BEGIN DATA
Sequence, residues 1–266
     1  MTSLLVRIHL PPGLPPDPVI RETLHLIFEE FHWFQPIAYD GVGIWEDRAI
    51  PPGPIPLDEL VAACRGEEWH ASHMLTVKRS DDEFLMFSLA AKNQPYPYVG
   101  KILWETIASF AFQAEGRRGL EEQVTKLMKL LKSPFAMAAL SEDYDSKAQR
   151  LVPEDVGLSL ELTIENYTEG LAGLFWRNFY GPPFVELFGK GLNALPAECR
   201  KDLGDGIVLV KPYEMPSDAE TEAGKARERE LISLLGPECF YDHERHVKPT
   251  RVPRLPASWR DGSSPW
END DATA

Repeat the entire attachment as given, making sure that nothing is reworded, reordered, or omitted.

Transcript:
Sequence, residues 1–266
     1  MTSLLVRIHL PPGLPPDPVI RETLHLIFEE FHWFQPIAYD GVGIWEDRAI
    51  PPGPIPLDEL VAACRGEEWH ASHMLTVKRS DDEFLMFSLA AKNQPYPYVG
   101  KILWETIASF AFQAEGRRGL EEQVTKLMKL LKSPFAMAAL SEDYDSKAQR
   151  LVPEDVGLSL ELTIENYTEG LAGLFWRNFY GPPFVELFGK GLNALPAECR
   201  KDLGDGIVLV KPYEMPSDAE TEAGKARERE LISLLGPECF YDHERHVKPT
   251  RVPRLPASWR DGSSPW